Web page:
• 33. Cornitcher, MacKimmie, Schupbach, StainbackSamples of Gold Mining Pans 33
  • 34. Cornitcher, MacKimmie, Schupbach, Stainback34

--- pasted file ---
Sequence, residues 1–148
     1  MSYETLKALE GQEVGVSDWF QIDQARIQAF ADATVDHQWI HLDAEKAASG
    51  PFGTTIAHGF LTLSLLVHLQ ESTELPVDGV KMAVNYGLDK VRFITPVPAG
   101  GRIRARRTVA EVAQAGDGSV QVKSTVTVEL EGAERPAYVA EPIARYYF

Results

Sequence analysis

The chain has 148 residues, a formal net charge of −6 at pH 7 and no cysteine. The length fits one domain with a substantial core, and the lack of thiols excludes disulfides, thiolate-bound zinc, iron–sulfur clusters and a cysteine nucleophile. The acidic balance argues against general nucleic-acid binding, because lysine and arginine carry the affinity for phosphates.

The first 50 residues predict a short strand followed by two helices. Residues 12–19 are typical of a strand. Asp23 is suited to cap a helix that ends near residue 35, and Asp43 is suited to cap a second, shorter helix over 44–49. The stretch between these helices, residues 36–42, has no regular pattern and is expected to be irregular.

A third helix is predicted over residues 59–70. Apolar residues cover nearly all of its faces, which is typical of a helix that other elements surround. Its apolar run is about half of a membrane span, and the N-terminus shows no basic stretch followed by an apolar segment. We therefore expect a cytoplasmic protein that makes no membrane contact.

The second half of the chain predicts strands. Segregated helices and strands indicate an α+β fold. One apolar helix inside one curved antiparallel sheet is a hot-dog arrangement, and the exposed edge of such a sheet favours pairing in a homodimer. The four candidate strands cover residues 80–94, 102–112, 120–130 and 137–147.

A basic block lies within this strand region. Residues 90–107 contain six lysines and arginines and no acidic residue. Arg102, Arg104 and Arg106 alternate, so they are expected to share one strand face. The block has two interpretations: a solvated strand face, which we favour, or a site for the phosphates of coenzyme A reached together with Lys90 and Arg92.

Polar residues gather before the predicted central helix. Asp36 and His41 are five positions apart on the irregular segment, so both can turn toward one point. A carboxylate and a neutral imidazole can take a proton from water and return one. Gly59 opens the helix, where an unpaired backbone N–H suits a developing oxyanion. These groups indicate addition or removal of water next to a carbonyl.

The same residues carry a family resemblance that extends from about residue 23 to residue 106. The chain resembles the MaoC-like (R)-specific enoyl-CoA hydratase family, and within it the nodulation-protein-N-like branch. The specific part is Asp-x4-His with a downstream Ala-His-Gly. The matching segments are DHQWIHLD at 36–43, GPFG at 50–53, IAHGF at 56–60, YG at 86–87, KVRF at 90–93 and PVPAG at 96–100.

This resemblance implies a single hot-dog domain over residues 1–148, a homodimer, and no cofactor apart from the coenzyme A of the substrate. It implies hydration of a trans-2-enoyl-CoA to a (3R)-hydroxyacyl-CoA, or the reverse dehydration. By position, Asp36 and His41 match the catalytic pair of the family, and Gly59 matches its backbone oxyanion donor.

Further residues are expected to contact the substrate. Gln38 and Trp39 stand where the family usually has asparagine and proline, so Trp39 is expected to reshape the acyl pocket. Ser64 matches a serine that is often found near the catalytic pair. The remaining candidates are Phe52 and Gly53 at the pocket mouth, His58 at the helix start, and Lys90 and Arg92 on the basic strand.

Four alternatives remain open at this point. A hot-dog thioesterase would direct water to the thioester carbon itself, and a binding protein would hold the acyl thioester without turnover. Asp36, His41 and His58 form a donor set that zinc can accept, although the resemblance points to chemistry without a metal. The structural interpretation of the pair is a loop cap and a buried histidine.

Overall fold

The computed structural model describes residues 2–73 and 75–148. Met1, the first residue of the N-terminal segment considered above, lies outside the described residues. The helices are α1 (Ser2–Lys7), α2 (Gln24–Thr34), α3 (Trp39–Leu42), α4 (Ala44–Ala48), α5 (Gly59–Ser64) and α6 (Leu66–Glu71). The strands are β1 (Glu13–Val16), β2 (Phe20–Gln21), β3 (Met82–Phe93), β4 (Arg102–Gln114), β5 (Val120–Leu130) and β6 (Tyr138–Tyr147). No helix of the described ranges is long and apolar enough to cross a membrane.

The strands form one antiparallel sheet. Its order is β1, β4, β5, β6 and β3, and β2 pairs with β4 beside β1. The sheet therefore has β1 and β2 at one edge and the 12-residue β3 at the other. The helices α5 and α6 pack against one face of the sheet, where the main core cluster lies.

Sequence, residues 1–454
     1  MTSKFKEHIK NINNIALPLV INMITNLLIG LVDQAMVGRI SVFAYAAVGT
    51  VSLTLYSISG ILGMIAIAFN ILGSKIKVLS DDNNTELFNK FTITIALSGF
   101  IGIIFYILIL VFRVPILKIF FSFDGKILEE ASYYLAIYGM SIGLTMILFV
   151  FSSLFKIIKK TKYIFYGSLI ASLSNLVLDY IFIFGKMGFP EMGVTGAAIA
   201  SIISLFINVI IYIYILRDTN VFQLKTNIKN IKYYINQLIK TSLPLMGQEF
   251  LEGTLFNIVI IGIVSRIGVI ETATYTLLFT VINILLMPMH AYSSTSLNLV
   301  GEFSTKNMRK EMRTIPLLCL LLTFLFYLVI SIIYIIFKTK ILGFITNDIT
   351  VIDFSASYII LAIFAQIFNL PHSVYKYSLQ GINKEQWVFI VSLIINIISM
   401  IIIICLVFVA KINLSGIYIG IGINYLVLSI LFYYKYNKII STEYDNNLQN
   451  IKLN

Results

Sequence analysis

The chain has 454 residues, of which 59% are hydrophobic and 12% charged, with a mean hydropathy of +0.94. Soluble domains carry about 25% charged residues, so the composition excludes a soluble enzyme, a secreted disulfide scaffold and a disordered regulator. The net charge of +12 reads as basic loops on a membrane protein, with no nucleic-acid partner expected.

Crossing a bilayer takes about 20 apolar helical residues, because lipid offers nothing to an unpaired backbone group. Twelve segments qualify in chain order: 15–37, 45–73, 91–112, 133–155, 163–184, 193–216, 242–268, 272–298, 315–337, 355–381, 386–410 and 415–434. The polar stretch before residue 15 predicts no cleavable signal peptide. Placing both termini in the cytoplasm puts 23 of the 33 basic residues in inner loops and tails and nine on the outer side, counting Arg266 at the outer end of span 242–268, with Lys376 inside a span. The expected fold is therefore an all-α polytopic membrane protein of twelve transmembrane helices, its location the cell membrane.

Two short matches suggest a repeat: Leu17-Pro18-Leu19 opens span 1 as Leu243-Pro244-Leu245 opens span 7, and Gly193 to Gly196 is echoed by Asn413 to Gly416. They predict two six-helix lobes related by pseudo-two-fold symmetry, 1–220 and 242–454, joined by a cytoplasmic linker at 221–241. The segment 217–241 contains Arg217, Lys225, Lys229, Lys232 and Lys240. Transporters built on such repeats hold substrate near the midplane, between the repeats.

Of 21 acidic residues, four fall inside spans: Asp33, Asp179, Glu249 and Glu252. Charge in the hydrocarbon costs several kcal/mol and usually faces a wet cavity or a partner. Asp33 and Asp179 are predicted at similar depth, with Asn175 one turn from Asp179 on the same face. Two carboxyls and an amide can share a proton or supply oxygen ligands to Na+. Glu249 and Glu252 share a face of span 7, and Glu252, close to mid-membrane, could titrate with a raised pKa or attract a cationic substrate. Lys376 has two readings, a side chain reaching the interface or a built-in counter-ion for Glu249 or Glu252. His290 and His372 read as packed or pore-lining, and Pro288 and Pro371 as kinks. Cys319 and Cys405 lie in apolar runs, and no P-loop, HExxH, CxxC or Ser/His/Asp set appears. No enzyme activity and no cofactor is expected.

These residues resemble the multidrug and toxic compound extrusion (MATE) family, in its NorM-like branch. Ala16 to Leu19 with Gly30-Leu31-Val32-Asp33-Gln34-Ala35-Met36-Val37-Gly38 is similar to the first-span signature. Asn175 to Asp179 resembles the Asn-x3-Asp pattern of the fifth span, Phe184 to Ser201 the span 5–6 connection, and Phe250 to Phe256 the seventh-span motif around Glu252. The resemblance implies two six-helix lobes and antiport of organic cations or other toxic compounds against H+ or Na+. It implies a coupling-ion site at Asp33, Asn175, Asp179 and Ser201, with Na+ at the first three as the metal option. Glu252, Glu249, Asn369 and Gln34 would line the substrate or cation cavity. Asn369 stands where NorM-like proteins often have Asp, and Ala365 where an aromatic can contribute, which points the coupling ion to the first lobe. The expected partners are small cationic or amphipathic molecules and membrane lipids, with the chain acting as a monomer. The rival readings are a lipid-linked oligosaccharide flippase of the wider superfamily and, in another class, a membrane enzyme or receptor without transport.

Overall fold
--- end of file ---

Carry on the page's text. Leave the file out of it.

• 35. Cornitcher, MacKimmie, Schupbach, StainbackArtifact #2: Published Document ~ PrimaryPrepared by Holly StainbackKey Objective: Given a discussion of the Louisiana Purchase, students identify the countriesand figures involved. Given a blank template, students create their own stamp that represents anevent or person in their life that they feel is worthy of commemoration.Background Information: In 1803, President Thomas Jefferson bought a large parcel of landfrom the French. This was known as the Louisiana Purchase (Klobuchar, 2006). RobertLivingston, James Monroe, and the Marquis de Barbé-Marbois signed the document that wouldtransfer ownership of the land in Paris, France (LSM, 2009). With the purchase of this land, theUnited States would be extended to include all territory from Canada all the way south to theGulf of Mexico, and from the Mississippi River west to the Rocky Mountains (Klobuchar, 2006).Student Activities:Whole Group: As a class, we discuss what the Louisiana Purchase was, the countries involved,and the important figures who took part in it. On the class map of the world, students find theUnited States and France.Small Group: In groups of 3 or 4, students examine the postage stamp that commemorates the150th anniversary of the signing of the Louisiana Purchase and identify several aspects from thestamp. Students are asked to identify the name of one person pictured on the stamp, identify ifthe stamp is from the U.S. or from France, and identify where and in what year the documentwas signed.Independent: Students receive a postage stamp template and are asked to draw and color theirown stamp that represents an event or person in their life that they feel is worthy ofcommemoration. After completion, the stamps are placed in a class “stamp collection” book.Assessment: Which country sold the Louisiana Territory to the U.S.? A.) Mexico B.) France C.) Canada D.) England 35